My favourite scene in Pulp Fiction isn’t the car-cleaning episode with Harvey Keitel as Winston Wolf (brilliantly repurposed by Saatchi & Saatchi for Direct Line), but the gruesome revenge sequence when Marsellus Wallace promises his attacker he is “gonna git medieval on your ass”.
(The reason for his revenge isn’t something that can decently be shared in a magazine like Campaign.)
Marsellus’ promise to “git medieval” is something I identify with. In fact, “git(ting) medieval” is something we all might benefit from doing more often.
You see, medievalism – or, more specifically, the works of Geoffrey Chaucer – is my secret work weapon.
It’s not just that Chaucer’s Canterbury Tales is a dissection of human foibles and pretensions as relevant today as it ever was, nor that it’s packed full of consumer insight, nor that he has a great turn of phrase worthy of a 48sheet poster. It’s not even that there are lots of dirty bits and laugh-out-loud gags. Honestly, there are.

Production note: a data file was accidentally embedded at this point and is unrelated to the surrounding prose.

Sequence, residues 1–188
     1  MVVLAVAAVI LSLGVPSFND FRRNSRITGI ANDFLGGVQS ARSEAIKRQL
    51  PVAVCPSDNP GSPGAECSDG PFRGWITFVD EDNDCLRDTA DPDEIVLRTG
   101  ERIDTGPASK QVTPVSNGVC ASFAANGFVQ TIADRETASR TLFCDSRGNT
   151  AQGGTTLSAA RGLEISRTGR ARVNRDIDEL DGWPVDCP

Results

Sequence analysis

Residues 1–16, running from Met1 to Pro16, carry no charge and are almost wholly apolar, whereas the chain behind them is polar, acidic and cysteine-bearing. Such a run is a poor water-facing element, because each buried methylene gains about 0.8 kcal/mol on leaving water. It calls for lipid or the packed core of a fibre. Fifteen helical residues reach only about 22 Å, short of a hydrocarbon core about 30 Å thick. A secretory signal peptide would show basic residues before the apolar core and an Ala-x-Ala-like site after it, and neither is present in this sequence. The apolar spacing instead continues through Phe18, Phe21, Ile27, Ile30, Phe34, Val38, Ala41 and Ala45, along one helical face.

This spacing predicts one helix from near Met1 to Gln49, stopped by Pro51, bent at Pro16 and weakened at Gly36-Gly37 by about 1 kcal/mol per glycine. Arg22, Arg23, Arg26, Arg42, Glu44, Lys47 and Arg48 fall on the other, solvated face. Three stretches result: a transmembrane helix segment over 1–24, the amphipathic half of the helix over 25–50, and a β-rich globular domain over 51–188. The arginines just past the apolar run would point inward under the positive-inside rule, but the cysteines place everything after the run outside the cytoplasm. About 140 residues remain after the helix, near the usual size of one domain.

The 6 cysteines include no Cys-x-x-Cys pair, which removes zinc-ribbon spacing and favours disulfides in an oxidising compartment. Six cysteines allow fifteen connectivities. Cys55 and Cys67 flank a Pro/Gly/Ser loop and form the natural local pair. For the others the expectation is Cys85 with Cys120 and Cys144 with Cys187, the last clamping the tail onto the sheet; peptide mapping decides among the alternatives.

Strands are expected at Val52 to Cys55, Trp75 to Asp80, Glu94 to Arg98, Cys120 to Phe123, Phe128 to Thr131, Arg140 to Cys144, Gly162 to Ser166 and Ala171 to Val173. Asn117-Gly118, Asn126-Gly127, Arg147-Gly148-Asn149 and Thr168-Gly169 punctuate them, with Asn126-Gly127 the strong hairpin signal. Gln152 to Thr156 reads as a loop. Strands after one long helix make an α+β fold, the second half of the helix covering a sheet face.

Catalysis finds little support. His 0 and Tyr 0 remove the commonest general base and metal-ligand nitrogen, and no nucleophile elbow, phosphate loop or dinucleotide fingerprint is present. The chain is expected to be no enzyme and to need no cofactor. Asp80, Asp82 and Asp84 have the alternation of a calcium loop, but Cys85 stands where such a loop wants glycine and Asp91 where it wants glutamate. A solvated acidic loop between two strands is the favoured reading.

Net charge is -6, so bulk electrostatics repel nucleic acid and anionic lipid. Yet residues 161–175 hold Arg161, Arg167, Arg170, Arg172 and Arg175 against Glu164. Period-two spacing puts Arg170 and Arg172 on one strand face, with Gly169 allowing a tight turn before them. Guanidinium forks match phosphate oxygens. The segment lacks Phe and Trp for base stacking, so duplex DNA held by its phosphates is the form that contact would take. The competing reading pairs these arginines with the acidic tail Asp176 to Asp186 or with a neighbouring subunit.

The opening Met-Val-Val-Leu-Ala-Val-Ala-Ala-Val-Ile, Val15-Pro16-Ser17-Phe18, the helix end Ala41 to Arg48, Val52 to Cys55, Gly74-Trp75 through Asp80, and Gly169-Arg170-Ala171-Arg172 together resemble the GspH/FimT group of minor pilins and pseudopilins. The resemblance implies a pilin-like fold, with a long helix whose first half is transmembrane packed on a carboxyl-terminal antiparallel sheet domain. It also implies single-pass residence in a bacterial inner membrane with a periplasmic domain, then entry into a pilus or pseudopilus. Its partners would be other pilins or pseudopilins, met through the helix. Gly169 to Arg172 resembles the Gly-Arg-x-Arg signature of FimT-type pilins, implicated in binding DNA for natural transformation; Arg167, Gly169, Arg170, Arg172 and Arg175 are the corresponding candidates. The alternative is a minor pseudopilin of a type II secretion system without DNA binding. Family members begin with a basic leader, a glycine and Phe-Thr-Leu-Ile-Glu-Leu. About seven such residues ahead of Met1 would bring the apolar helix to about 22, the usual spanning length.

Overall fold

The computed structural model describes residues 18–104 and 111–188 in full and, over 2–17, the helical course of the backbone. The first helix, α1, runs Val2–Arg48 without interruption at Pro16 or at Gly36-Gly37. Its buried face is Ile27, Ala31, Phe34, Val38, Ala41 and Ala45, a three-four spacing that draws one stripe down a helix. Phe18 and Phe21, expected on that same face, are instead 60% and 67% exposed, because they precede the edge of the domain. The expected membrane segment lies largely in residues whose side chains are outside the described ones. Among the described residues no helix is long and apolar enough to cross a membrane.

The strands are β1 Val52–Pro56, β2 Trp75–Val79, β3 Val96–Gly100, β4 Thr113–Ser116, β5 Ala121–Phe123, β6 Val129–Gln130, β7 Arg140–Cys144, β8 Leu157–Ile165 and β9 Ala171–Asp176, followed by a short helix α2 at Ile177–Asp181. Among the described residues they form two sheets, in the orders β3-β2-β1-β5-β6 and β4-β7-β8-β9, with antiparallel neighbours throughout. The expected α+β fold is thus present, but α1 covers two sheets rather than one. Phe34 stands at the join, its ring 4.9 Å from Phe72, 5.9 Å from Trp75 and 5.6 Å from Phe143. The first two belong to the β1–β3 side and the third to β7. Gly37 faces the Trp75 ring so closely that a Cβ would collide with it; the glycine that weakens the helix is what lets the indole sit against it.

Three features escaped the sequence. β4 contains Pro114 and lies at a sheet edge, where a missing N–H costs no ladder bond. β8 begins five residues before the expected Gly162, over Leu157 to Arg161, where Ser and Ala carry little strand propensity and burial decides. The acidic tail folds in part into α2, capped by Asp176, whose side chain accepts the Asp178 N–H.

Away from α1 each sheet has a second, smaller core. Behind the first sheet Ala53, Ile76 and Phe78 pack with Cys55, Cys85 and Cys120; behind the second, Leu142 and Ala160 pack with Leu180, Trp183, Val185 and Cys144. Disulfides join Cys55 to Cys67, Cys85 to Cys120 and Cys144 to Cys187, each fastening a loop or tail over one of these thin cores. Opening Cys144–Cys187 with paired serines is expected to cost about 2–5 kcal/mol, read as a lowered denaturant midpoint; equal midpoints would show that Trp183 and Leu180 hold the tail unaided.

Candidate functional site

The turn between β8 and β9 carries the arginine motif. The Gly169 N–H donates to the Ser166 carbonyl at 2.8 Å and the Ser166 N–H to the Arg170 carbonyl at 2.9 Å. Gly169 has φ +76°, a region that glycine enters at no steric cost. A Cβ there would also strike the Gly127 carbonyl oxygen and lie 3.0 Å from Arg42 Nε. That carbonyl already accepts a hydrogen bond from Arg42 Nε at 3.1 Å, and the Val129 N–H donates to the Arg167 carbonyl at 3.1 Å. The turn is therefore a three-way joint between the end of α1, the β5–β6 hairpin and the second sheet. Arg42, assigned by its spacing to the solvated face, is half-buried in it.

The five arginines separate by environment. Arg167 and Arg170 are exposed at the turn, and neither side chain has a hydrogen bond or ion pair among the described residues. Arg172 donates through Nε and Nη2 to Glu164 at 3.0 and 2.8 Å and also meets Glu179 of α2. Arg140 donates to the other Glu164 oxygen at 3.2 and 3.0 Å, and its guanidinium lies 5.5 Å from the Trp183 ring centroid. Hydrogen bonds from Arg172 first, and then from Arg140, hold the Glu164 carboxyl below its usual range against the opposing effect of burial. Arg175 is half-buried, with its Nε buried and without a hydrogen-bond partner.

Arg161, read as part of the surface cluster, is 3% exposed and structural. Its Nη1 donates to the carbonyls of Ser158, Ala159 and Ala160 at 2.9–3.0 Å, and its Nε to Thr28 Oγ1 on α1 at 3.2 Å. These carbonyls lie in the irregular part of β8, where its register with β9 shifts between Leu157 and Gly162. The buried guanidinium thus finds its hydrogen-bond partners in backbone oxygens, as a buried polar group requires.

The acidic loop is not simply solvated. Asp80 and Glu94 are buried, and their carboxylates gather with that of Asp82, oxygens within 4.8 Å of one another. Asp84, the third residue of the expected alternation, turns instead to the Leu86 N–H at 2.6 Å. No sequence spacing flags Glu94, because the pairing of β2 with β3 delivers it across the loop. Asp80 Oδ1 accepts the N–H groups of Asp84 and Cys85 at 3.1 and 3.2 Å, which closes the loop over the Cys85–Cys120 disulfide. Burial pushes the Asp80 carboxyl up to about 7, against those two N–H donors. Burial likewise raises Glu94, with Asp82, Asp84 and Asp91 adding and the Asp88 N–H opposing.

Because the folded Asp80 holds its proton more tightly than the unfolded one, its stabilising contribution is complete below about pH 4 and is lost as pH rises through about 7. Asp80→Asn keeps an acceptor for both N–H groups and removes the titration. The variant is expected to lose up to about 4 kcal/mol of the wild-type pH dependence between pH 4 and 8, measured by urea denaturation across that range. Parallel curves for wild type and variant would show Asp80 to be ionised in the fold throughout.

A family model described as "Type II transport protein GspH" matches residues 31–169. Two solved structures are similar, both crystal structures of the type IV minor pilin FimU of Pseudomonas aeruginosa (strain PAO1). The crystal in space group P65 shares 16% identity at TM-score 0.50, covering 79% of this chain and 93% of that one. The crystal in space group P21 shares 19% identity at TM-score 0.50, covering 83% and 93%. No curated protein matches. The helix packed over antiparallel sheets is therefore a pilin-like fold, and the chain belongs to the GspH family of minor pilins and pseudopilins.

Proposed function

It’s more that medieval Chaucer generally comes up with good answers to modern questions.
Take our current concerns about “fake news”. Well, Chaucer was all over that – more than 600 years ago. In The House of Fame, in which Chaucer is flown around in the claws of a talking golden eagle (don’t ask), he comes across a “House of Rumour”, which is 60 miles wide, made of twigs, continually spinning out of control and disgorging an endless stream of rumour, gossip and news. More Twigger than Twitter, but weirdly prescient of it.
His answer? Well, the plug is pulled on the cacophony by a “man of great authority” – someone we might call a trusted editor figure. This reminds us, I’d argue, of what we’ve lost by allowing so much stuff to swill around the internet unmediated, without someone fact-checking, arbitrating, editing. And we think it was Chaucer who lived in the Dark Ages.
MALCOLM WHITE Chief strategy officer and founder, Krow